The skin rash usually appears in childhood / teenage years, but onset may be delayed until adulthood. The rash tends to involve the areas of the skin where there is the most grease production (sebaceous areas) which typically include the face, scalp, chest, neck, and upper back. The appearance of the rash varies from small scattered, slightly greasy brownish, yellowish or red papules (small lumps) to larger thickened patches which may be scaling. The skin folds particularly in the groin area and underneath the breast are also often affected and in these areas the skin can become raw and weepy. The fingernails are usually affected. There may be red or white lines running the length of the nails with some notching at the ends of the nail. Nail changes and/or flat “warts” on the backs of the hands are often present in childhood, well before there are any other skin changes. Pits or small areas of hard skin occur on the palms of the hands and less often the soles of the feet. Occasionally there may be small spots inside the mouth and these may give the roof of the mouth a rough feeling.
How will it be diagnosed?
The diagnosis can often be made on the appearance of the rash and the fact that it runs in families. To confirm the diagnosis, your dermatologist may take a small sample of skin (a biopsy) under a local anaesthetic and it is examined under a microscope in the laboratory.
Can Darier’s disease be cured?
No, there is no cure, but there are many ways of helping it (see below). A quarter of patients notice that the condition improves as they get older. Some people find that the sun causes their Darier’s disease to flare up. Some women notice that it worsens around the time of their periods.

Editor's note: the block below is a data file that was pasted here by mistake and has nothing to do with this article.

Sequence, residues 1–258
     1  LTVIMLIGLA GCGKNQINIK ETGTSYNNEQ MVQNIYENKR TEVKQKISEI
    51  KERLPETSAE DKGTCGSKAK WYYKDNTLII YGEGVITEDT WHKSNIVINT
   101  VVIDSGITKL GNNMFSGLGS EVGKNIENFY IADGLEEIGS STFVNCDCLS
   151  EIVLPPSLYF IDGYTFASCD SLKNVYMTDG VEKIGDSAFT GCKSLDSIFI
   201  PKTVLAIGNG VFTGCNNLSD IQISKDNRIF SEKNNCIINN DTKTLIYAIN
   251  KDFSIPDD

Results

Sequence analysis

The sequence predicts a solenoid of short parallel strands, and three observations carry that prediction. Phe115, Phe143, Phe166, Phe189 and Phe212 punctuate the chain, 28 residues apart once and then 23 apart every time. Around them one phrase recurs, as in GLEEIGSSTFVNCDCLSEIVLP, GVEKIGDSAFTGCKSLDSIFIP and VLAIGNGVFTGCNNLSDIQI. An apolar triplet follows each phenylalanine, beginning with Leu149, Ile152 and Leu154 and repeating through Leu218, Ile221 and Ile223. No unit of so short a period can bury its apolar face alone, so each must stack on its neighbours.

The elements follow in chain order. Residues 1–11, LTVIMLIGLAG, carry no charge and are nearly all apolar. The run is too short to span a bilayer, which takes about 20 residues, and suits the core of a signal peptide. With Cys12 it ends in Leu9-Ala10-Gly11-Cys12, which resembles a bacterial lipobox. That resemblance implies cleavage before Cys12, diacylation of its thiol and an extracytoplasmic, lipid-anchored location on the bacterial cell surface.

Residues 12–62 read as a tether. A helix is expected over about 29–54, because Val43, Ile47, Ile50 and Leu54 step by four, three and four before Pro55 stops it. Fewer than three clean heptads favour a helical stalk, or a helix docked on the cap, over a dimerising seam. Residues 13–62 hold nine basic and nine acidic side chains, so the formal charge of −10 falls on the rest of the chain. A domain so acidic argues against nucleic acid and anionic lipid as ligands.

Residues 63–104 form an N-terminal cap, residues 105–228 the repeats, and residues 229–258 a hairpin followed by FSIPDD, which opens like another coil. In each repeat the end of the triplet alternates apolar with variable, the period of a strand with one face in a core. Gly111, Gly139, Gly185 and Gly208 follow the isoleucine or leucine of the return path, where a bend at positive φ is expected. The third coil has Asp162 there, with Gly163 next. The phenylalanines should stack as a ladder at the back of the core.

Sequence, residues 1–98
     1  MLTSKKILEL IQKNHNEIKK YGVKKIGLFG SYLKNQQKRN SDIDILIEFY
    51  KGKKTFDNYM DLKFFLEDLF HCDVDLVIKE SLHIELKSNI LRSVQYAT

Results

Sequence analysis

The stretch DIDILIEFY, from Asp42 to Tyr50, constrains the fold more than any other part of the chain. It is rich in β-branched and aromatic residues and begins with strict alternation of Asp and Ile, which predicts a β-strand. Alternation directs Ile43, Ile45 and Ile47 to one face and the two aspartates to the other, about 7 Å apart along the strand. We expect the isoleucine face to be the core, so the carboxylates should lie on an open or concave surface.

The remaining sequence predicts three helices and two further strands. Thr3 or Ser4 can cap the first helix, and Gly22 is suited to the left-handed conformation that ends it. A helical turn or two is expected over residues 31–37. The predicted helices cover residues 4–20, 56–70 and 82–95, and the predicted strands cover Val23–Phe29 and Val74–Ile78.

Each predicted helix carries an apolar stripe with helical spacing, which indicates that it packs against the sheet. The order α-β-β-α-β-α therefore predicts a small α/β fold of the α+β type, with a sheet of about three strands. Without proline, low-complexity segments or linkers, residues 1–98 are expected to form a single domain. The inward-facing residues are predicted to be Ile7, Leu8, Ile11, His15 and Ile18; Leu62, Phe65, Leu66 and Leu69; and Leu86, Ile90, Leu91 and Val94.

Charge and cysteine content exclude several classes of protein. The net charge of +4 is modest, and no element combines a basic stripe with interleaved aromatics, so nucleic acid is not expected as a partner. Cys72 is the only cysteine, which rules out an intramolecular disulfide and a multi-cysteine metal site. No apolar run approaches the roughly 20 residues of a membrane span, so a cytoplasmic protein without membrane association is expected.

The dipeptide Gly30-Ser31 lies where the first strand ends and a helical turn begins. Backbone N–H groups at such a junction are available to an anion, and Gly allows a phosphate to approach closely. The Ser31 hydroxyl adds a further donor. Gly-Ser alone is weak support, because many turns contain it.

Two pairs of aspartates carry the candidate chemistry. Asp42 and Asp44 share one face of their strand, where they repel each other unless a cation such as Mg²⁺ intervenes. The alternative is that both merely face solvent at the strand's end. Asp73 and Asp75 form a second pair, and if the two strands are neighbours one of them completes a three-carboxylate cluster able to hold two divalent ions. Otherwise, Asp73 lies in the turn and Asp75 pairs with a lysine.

How can Darier’s disease be treated?
If there are no symptoms, treatment is not required. Simple measures such as wearing cotton clothing, minimising sweating and using sun protection may reduce flares.
Moisturising creams may relieve some of the itching and irritation. Sometimes corticosteroid creams are helpful if the skin is very itchy. Antibiotic creams can be used if the skin becomes infected. Careful washing is important and in addition, antiseptic solutions for the bath, and antiseptic creams may help, particularly if there is a problem with odour.
For localised disease, topical retinoid creams may be helpful. However, irritation is a limiting factor, so emollients and topical corticosteroids can be used in combination with these to reduce irritation.
Topical 5-fluorouracil, which is used to treat other skin conditions (e.g. Actinic Keratosis), has been used effectively in some cases of Darier’s disease.
If secondary bacterial infection is severe, oral antibiotics may be required and cold sore infections (herpes simplex) require treatment with oral acyclovir.
For more severe disease treatment with Retinoid tablets such as Acitretin or Isotretinoin may be tried. Ciclosporin is sometimes used ‘off-licence’ to help control Darier’s disease. You can discuss these with your dermatologist.
Other useful treatments:
Laser treatment of very thick areas has been reported to be successful.
Photodynamic therapy that is used to treat other skin conditions (e.g. Actinic Keratosis) has been used effectively in some cases of Darier’s disease.
Surgical excision or Dermabrasion (removing surface layers) of very thick areas has been used occasionally.
What can I do?
Most people with Darier’s disease lead full, normal lives and have no other medical problems. Less than a quarter need any time off work or school because the skin is a problem. However, it is sensible to try to avoid excessive heat, sweat, humidity, sunlight, and mechanical trauma as they can make the skin worse.
Where can I get more information about Darier’s disease?